Smaller belly, less deli may reduce kidney disease risk, study finds

November 1, 2013
Smaller belly, less deli may reduce kidney disease risk, study finds
Processed foods are usually high in harmful phosphorus additives.

(HealthDay)—Losing belly fat and limiting processed foods and other sources of dietary phosphorus might help reduce your risk of kidney disease, a new study finds.

Phosphorus is added to many to enhance their flavor and extend their shelf life. High levels of phosphorus are also naturally found in animal, dairy and vegetable proteins, said study leader Dr. Alex Chang, of Johns Hopkins University in Baltimore.

The study of nearly 500 overweight or obese adults enrolled in a healthy-lifestyle program found that a shrinking waistline and lower consumption of dietary phosphorus were associated with reduced levels of protein in the urine (albuminuria), which is an early sign of .

After six months, participants' waistlines shrunk an average of 1.7 inches and they had a 25 percent reduction in urine protein. The researchers also found that a 314-milligram reduction in phosphorus excretion resulted in an 11 percent decrease in urine protein.

The study appeared in the November issue of the American Journal of Kidney Diseases.

Other studies have suggested that weight loss may slow kidney disease progression, but this is the first research study to support losing belly fat and limiting phosphorus consumption as a possible way to prevent kidney disease from developing in the first place, Dr. Joseph Vassalotti, chief medical officer at the National Kidney Foundation, said in a foundation news release.

"A good rule of thumb is that if the food comes in a package, it's likely to be high in phosphorus," he said. "Approximately 90 percent of phosphorus additives are absorbed by the body."

To limit phosphorus consumption, look for the root letters "PHOS" on . But isn't always listed on food labels, Vassalotti said, so you need to know likely sources. They include:

  • Processed foods such as dark colas, cereals and flavored waters
  • Dairy products such as cheese, milk, cream, ice cream and yogurt
  • Animal protein such as deli meats, organ meats, meat tenderizers, oysters and sardines
  • Dried beans, lentils, peas, nuts and seeds (including peanut butter and other nut butters), cocoa (including chocolate-based drinks and puddings)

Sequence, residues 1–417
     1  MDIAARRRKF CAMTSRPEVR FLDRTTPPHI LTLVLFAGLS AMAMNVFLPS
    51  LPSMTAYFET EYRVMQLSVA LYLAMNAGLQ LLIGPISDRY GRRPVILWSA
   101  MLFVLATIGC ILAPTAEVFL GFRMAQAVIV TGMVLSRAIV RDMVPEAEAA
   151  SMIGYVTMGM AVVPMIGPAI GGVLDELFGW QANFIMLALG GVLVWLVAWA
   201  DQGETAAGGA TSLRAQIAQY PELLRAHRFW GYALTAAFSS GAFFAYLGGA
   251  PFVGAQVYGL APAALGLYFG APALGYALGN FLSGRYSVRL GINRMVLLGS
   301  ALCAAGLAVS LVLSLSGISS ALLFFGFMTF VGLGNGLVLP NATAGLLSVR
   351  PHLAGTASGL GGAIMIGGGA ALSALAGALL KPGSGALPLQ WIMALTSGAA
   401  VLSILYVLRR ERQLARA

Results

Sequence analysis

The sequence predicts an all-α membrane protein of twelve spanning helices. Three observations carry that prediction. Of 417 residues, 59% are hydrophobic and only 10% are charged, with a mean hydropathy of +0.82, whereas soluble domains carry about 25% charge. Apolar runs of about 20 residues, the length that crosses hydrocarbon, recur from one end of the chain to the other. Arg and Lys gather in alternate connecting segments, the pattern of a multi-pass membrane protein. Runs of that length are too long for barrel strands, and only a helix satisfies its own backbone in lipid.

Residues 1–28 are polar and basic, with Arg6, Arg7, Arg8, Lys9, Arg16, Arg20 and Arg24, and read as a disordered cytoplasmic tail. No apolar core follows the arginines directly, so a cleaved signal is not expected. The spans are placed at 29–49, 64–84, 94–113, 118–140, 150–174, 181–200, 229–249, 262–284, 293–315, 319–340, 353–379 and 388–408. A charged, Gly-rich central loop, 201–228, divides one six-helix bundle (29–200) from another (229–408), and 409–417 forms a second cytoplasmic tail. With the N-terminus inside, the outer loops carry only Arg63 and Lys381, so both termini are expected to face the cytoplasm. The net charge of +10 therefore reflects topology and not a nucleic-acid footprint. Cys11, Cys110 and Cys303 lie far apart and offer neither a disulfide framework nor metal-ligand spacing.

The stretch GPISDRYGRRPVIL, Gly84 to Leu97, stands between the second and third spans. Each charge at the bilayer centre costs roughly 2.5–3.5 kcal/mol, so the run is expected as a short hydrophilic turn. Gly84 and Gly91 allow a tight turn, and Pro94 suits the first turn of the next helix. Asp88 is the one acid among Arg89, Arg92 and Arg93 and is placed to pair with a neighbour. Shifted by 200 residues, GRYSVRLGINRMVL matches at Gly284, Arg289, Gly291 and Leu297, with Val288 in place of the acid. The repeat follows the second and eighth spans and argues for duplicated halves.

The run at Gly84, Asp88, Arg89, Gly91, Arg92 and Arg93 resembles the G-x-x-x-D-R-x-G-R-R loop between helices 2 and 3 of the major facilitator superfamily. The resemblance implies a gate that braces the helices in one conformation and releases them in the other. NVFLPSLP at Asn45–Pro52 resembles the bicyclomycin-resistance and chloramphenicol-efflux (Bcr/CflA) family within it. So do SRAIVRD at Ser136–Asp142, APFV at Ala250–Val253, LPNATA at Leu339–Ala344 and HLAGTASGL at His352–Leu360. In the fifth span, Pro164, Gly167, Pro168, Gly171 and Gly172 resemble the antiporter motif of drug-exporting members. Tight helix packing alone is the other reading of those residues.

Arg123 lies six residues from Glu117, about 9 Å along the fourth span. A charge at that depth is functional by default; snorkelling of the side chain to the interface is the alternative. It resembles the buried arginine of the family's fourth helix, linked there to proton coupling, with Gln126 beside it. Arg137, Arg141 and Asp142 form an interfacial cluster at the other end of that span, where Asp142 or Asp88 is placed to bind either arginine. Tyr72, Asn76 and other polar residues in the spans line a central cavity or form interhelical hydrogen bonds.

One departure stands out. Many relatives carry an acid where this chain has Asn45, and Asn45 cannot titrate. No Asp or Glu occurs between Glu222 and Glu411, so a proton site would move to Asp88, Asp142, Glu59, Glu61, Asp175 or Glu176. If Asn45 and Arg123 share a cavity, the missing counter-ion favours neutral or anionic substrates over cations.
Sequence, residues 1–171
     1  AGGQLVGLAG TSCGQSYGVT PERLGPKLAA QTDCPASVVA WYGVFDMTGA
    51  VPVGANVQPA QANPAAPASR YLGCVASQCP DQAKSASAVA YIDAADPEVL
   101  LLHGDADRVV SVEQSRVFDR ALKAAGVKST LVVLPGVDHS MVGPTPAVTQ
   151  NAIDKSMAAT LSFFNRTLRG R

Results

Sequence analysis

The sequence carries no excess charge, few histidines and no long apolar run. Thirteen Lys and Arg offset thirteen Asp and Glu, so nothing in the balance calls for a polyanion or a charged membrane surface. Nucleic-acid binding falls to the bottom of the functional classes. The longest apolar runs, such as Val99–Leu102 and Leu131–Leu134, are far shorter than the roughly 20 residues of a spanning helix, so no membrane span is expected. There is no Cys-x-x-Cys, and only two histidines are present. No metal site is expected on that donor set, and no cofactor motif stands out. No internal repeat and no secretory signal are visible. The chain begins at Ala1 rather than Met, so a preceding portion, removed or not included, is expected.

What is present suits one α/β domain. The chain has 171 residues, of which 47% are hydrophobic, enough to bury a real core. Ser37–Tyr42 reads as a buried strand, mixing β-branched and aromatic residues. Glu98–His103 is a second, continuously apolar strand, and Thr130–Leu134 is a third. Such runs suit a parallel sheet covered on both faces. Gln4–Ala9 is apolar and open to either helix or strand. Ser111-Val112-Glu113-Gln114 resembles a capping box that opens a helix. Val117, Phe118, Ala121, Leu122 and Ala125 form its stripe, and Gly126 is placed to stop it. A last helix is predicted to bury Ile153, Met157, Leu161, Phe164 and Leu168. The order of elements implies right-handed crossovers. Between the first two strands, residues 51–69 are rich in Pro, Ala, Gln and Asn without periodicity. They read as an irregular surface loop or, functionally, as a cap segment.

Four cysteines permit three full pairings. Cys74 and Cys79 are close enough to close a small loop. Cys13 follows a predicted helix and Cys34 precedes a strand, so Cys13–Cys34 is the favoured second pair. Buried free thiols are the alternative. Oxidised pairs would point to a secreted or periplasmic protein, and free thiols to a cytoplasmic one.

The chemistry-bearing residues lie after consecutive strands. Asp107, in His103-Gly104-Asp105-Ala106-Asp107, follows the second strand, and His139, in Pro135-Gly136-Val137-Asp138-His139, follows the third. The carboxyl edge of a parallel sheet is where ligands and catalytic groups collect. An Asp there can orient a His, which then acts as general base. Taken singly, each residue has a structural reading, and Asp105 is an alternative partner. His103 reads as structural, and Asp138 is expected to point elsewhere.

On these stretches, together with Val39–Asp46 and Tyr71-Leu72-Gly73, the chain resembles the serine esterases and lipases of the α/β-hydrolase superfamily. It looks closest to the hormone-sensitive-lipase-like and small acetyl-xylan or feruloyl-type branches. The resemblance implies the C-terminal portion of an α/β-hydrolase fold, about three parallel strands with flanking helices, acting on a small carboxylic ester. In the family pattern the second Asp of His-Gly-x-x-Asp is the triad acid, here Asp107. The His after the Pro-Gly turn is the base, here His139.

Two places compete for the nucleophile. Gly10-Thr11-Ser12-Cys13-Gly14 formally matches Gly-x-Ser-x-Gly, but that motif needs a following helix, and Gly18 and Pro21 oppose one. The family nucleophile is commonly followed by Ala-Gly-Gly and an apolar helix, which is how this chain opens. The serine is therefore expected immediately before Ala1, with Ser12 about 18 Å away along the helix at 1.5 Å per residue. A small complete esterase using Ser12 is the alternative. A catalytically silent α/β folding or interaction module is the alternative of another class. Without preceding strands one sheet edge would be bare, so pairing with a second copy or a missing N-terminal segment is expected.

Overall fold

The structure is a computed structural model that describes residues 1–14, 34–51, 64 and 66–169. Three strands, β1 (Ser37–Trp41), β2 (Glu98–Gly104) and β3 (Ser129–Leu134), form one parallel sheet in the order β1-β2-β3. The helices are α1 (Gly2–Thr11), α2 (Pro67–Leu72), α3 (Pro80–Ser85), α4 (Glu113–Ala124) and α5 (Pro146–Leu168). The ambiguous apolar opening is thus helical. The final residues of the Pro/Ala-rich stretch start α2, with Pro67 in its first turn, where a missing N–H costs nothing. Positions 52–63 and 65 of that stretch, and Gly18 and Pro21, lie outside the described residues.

Explore further: Study questions safety and effectiveness of common kidney disease drugs

More information: The U.S. National Kidney Disease Education Program outlines how to keep your kidneys healthy.

Related Stories

Study questions safety and effectiveness of common kidney disease drugs

July 19, 2012
Drugs commonly prescribed to patients with chronic kidney disease (CKD) may not be as strongly effective as once thought, and may cause unexpected harm to blood vessels, according to a study appearing in an upcoming issue ...

Poor kidney response to hormone may increase risks for kidney disease patients

March 21, 2013
The kidneys' response to a particular hormone may affect kidney disease patients' heart health and longevity, according to a study appearing in an upcoming issue of the Journal of the American Society of Nephrology (JASN). ...

Phosphate-binding drug does not improve heart health of patients with mild kidney disease

April 18, 2013
High phosphate levels in the blood carry increased heart-related risks, but taking a drug that targets phosphate does not improve cardiovascular measures in patients with mild kidney disease, according to a study appearing ...

Recommended for you

Research examines lung cell turnover as risk factor and target for treatment of influenza pneumonia

July 24, 2017
Influenza is a recurring global health threat that, according to the World Health Organization, is responsible for as many as 500,000 deaths every year, most due to influenza pneumonia, or viral pneumonia. Infection with ...

Scientists propose novel therapy to lessen risk of obesity-linked disease

July 24, 2017
With obesity related illnesses a global pandemic, researchers propose in the Journal of Clinical Investigation using a blood thinner to target molecular drivers of chronic metabolic inflammation in people eating high-fat ...

Raccoon roundworm—a hidden human parasite?

July 24, 2017
The raccoon that topples your trashcan and pillages your garden may leave more than just a mess. More likely than not, it also contaminates your yard with parasites—most notably, raccoon roundworms (Baylisascaris procyonis).

Google searches can be used to track dengue in underdeveloped countries

July 20, 2017
An analytical tool that combines Google search data with government-provided clinical data can quickly and accurately track dengue fever in less-developed countries, according to new research published in PLOS Computational ...

MRSA emerged years before methicillin was even discovered

July 19, 2017
Methicillin resistant Staphylococcus aureus (MRSA) emerged long before the introduction of the antibiotic methicillin into clinical practice, according to a study published in the open access journal Genome Biology. It was ...

New test distinguishes Zika from similar viral infections

July 18, 2017
A new test is the best-to-date in differentiating Zika virus infections from infections caused by similar viruses. The antibody-based assay, developed by researchers at UC Berkeley and Humabs BioMed, a private biotechnology ...

0 comments

Please sign in to add a comment. Registration is free, and takes less than a minute. Read more

Click here to reset your password.
Sign in to get notified via email when new comments are made.